Walking home, the fur lining of my boots I never should’ve worn were now clinging to my ankles. The only company I had was a boy who said his name was Shane. I think he was in my science class. He seemed far more interesting than the other kids I had met earlier today. He showed an interest in science, like me. If you’re friends with him, they’ll treat you like you did last year. Like nobody. My brain told me, but my heart screamed in disagreement. What a shame….
Sam and Aaron were already waiting for me at the park. “I heard you really sucked up to Mrs. Reynolds today,” Sam called to me. I walked over.
“Yeah, maybe a little…” I looked down at my feet. My dumb boots were still on. “I just guessed on that one.”
“Now you see how boring she is.” Aaron rolled his eyes. “Forty-five minutes never went so slowly.”
“She’s so mean when you don’t do your work.” Sam complained.
My hair fell in my eyes again. Maybe if you actually tried in class, she would like you more… I felt uncomfortable and I didn’t say anything. I left, my opinion unasserted and unknown.
When I went in to school the next day, I felt great. Energized, ready to tackle the day, my head was clear. It was a beautiful morning.
Like the calm before the storm.
As I went to first period class, something felt off. The strip above the door was no longer there. Strange. When I entered the classroom, Mrs. Reynolds wasn’t there. Probably just getting coffee, like most teachers do.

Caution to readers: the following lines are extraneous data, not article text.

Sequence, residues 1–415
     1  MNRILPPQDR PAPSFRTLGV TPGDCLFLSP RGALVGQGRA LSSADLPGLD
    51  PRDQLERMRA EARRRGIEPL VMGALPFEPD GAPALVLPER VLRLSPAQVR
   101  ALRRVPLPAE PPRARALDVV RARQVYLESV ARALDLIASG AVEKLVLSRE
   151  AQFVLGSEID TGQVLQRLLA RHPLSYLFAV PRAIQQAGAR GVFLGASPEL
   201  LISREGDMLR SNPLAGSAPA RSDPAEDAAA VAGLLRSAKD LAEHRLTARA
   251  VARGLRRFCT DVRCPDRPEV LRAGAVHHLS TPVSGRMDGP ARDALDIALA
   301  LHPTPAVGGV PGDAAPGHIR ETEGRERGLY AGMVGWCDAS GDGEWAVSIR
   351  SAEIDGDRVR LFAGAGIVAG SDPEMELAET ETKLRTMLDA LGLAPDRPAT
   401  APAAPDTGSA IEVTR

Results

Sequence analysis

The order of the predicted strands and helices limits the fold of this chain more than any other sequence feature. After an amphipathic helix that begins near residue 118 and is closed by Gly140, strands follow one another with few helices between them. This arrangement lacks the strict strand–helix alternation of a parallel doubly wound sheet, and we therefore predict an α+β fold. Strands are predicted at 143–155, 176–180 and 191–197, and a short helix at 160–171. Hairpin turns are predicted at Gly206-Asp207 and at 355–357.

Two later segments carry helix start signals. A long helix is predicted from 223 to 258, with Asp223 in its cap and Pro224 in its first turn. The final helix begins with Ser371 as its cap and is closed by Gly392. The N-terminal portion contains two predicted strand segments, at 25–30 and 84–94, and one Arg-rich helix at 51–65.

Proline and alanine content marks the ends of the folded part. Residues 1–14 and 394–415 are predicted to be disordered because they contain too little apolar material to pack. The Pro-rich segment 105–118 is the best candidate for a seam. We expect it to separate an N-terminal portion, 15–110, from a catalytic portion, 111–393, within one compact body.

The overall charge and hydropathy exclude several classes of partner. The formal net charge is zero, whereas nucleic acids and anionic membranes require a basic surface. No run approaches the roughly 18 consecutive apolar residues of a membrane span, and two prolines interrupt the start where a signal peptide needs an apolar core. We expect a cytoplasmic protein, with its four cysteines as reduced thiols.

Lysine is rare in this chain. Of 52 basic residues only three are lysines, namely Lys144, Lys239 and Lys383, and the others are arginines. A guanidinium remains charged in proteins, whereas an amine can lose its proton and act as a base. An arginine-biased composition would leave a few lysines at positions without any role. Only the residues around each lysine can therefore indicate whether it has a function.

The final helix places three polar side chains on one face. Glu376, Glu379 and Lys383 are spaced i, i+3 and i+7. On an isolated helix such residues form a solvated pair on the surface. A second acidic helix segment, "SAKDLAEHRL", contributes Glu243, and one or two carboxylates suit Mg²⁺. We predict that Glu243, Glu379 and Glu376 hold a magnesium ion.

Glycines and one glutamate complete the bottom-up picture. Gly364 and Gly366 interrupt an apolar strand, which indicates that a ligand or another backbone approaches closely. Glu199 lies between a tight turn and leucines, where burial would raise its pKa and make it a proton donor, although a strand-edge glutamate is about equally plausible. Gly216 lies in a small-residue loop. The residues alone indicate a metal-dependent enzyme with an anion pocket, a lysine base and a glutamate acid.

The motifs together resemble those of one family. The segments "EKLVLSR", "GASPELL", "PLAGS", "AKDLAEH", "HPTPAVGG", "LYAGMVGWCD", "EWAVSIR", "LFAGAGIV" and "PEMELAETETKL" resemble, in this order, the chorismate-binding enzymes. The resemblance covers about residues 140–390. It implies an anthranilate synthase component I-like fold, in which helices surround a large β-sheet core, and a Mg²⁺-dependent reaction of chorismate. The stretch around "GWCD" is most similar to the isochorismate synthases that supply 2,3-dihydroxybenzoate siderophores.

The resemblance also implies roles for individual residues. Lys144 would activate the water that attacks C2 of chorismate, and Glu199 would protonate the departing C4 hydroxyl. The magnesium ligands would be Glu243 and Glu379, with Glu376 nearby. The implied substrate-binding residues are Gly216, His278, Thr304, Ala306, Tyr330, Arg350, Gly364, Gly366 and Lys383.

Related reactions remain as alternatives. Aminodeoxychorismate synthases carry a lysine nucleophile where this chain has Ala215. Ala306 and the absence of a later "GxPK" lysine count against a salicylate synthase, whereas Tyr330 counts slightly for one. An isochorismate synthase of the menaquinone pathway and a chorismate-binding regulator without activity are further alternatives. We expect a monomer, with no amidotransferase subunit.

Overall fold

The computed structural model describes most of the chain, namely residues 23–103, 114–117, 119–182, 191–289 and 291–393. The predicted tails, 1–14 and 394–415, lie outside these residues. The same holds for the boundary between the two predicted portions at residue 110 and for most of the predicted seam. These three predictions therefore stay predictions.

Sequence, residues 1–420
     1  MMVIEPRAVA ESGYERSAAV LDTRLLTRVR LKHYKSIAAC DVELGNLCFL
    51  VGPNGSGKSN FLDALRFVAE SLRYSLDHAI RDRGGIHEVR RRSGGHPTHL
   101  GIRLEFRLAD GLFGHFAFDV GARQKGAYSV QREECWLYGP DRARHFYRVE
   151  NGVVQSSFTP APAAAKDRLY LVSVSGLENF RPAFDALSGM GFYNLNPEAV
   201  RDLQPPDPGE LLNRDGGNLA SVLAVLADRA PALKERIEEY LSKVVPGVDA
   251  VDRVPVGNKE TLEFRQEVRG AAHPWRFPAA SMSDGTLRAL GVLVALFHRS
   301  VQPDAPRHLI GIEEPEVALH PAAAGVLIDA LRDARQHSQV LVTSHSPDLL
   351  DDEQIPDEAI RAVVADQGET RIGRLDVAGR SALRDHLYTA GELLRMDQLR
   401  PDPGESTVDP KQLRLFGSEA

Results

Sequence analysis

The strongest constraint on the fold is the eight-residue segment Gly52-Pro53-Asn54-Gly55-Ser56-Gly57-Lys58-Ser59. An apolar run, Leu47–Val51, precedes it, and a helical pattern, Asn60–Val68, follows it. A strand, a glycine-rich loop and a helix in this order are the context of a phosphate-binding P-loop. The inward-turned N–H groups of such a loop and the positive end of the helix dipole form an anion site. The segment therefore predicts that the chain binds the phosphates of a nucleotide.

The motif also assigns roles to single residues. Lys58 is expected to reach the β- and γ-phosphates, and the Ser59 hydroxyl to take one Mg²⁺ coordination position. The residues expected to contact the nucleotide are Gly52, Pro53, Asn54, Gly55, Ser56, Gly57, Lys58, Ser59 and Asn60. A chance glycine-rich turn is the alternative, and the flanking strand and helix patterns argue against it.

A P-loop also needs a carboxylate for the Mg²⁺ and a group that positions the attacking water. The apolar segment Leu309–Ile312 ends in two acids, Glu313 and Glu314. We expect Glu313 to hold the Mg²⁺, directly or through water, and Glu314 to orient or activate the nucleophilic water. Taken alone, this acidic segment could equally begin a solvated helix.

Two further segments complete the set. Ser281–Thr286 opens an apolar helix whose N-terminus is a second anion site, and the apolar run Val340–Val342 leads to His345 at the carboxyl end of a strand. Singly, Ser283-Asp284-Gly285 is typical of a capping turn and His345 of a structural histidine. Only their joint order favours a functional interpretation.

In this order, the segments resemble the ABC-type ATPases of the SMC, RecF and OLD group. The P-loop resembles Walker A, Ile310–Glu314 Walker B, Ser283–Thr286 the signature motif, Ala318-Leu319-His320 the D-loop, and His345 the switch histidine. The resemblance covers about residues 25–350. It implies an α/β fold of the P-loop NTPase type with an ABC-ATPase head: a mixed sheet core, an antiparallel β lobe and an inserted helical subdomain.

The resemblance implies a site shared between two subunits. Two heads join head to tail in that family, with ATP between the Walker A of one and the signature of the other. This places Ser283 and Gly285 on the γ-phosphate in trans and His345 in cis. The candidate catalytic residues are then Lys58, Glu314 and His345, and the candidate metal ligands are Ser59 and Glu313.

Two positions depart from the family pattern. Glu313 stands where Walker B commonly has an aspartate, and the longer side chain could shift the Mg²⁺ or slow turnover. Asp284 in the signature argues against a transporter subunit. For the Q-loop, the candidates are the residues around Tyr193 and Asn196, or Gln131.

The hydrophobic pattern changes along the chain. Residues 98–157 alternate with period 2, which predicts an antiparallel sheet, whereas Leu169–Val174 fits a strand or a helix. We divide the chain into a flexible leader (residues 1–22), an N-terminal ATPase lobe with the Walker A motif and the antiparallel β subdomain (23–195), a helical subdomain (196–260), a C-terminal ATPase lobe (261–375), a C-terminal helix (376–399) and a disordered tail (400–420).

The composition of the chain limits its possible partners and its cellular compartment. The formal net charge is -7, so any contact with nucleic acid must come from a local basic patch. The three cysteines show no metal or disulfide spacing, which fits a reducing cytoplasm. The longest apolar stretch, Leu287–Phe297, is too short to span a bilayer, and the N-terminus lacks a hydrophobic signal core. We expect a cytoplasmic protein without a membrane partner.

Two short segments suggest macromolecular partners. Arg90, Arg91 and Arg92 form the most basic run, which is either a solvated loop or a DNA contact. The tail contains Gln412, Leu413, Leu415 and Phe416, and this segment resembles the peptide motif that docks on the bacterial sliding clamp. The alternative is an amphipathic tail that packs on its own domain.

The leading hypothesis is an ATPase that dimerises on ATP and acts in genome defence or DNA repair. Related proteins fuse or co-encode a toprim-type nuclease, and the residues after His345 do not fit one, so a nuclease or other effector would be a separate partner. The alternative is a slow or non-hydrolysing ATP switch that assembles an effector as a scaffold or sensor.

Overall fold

But she never came in.
Instead, a young man in his early thirties walked in. “Good morning class.” He smiled. “I’m Mr. Kate. I’ll be taking over for Mrs. Reynolds for the rest of the year.
Whispers spread throughout the room. Most of them seemed joyful. They were glad she was leaving. I laid my head down on my desk. I felt sick. The teacher I had only known for a day, the only teacher I had felt comfortable with, was gone. And I would never see her again.
“I’m so glad she left.” I overheard Sam and Aaron talking at lunch. “Thank God. I hated that witch.”
“Oh, Wendy!” Sam finally noticed my presence, and smiled that fake smile. “Finally, you’re here! Wanna hang out again after school?”
“I’m sorry, I don’t think I can,” I smiled, and walked away. Instead, I went over to Shane, who was eating his peanut butter sandwich in solitude. I sat down next to him. “Those kids over here can be pretty mean.” I grinned at him.
He looked up from his sandwich and smiled. “I would say that’s a case of the social anthropological principle of outgroup homogeneity bias if I’ve ever seen one.”
I could feel Sam and Aaron staring at me. I laughed. I was right. He was a great person to have a conversation with. And a better friend than Sam and Aaron would ever be. I didn’t care if last year happened again. I was happy this time. And I decided that was all that mattered.
Ella Bianco is in 7th grade and likes to paint, draw, and study psychology and physics. She also runs track and XC and lives with her parents, little sister, and dog in Haddon Heights, NJ. She has run into more things and injured herself more times than she can count on both hands.